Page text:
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This Day in History

This Day in History

2/5/1920 - The modern legend of the Loch Ness Monster is born when a sighting makes local news.

3/5/1920 - King of Soul, the legendary James Brown is born in Georgia.

4/5/1979 - Margaret Thatcher, leader of the Conservative Party, is sworn in as Britain’s first female prime minister. The Oxford-educated chemist and lawyer was sworn in the day after the Conservatives won a 44-seat majority in general parliamentary elections.

5/5/1821 - Napoleon Bonaparte, the former French ruler who once ruled an empire that stretched across Europe, dies as a British prisoner on the remote island of Saint Helena in the southern Atlantic Ocean.

6/5/1937 - The airship Hindenburg, the largest dirigible ever built and the pride of Nazi Germany, bursts into flames upon touching its mooring mast in Lakehurst, New Jersey, killing 36 passengers and crew members.

8/5/1963 - With the release of Dr. No, moviegoers get their first look–down the barrel of a gun–at the super-spy James Bond, the immortal character created by Ian Fleming in his now-famous series of novels and portrayed onscreen by the relatively unknown Scottish actor Sean Connery.

9/5/1914 - US President Woodrow Wilson issued a presidential proclamation that officially establishes the first international Mother’s Day holiday to celebrate mothers, still celebrated on the second Sunday on May n Australia.

10/5/1994 - In South Africa, Nelson Rolihlahla Mandela is sworn in as the first black president of South Africa. In his inaugural address, Mandela, who spent 27 years of his life as a political prisoner of the South African government, declared that “the time for the healing of the wounds has come.”

12/5/1907 - Katharine Hepburn, who due to her performances in such films as The Philadelphia Story was one of the most celebrated actresses of the 20th century, was born in Hartford, Connecticut.

13/5/1981 - Pope John Paul II is shot and seriously wounded while passing through the square in an open car. The assailant, 23-year-old escaped Turkish murderer Mehmet Ali Agca, fired four shots, one of which hit the pontiff in the abdomen, narrowly missing vital organs, and another that hit the pope’s left hand. The pope was rushed by ambulance to Rome’s Gemelli Hospital, where he underwent more than five hours of surgery and was listed in critical but stable condition.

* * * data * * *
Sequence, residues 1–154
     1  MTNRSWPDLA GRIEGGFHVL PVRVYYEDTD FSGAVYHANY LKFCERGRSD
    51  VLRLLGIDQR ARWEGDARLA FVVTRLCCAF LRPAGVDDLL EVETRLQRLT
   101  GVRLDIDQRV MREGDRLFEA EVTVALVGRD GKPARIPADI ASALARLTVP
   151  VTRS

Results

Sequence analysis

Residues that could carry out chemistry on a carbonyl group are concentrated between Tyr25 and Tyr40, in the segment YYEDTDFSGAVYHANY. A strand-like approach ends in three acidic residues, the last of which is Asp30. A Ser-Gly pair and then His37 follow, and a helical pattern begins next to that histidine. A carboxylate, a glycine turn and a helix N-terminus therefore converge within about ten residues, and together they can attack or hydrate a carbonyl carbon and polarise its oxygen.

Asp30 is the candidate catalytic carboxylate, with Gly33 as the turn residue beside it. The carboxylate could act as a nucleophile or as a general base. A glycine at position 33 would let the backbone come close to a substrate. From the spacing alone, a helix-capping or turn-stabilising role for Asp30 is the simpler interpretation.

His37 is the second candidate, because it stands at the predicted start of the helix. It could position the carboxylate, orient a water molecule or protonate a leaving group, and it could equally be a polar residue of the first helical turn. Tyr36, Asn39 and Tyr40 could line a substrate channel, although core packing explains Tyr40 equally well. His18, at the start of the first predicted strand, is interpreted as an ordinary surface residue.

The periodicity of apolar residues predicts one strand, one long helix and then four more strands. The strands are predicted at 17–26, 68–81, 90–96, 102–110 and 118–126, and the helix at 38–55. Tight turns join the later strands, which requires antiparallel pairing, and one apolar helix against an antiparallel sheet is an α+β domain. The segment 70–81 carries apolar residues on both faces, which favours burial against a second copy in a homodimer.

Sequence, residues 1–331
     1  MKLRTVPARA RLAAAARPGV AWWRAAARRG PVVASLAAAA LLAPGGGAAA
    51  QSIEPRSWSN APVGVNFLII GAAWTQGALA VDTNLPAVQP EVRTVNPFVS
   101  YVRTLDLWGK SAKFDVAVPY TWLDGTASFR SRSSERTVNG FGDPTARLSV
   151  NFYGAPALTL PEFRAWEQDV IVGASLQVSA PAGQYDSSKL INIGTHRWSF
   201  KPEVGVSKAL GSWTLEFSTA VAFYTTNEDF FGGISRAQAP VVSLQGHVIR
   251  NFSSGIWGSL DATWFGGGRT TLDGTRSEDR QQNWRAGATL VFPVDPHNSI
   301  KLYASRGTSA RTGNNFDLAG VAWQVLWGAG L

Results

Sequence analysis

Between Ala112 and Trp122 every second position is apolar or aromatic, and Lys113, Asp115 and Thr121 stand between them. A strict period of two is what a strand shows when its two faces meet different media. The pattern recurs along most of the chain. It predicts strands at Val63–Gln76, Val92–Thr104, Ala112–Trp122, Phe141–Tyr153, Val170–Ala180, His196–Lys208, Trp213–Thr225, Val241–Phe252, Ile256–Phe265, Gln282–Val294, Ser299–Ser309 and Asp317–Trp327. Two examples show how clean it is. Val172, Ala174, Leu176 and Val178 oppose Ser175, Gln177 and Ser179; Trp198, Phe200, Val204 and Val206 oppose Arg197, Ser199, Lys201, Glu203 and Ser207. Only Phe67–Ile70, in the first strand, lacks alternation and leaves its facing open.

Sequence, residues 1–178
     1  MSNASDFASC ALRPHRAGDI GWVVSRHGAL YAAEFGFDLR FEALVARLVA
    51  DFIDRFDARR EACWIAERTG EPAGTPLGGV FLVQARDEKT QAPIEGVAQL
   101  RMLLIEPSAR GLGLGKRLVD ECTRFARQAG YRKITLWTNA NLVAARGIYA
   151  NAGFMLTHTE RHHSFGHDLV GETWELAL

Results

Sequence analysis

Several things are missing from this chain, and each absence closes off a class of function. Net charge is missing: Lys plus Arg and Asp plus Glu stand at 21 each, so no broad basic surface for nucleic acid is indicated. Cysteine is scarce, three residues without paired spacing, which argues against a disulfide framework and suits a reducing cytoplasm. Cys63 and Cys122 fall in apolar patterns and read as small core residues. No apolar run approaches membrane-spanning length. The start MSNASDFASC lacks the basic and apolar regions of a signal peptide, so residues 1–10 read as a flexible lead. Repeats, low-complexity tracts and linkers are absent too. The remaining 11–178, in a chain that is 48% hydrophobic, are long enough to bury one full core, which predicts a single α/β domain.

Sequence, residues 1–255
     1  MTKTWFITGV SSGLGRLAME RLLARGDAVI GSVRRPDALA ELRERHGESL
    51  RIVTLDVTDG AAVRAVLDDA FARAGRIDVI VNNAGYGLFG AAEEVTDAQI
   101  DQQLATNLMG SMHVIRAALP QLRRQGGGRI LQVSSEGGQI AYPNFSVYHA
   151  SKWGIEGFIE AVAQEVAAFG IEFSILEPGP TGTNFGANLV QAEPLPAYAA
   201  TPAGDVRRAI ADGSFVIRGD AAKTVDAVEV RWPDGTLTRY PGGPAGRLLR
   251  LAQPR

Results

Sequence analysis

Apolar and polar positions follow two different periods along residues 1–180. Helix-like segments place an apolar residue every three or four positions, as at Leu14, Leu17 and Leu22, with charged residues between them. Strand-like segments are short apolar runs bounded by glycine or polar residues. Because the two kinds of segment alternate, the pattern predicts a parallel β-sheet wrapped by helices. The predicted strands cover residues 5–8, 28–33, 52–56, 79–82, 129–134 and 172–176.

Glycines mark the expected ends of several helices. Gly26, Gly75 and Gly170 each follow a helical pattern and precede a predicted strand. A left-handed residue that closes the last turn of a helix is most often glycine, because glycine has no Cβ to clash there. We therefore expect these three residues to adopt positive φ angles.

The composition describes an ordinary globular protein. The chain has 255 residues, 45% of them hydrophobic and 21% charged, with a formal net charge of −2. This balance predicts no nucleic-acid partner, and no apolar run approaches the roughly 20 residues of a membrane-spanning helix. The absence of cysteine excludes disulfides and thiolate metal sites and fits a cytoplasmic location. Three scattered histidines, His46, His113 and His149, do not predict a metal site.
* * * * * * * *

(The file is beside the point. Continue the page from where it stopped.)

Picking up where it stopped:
14/5/1998 - legendary singer, actor and show-business icon Frank Sinatra dies of a heart attack in Los Angeles, at the age of 82.

15/5/1929 - The Academy of Motion Picture Arts and Sciences hands out its first awards, at a dinner party for around 250 people held in the Blossom Room of the Roosevelt Hotel in Hollywood, California.

21/1932 - Amelia Earhart becomes the first pilot to repeat the feat, landing her plane in Ireland after flying across the North Atlantic. Earhart traveled over 2,000 miles from Newfoundland in just under 15 hours.

23/5/1934 - notorious criminals Bonnie Parker and Clyde Barrow are shot to death by Texas and Louisiana state police while driving a stolen car near Sailes, Louisiana.

29/5/1953 - At 11:30 am 1953, Edmund Hillary of New Zealand and Tenzing Norgay, a Sherpa of Nepal, become the first explorers to reach the summit of Mount Everest, which at 29,035 feet above sea level is the highest point on earth. The two, part of a British expedition, made their final assault on the summit after spending a fitful night at 27,900 feet. News of their achievement broke around the world on June 2, the day of Queen Elizabeth II’s coronation, and Britons hailed it as a good omen for their country’s future.

30/5/1431 - At Rouen in English controlled Normandy, Joan of Arc, the peasant girl who became the saviour or France is burned at the stake for heresy.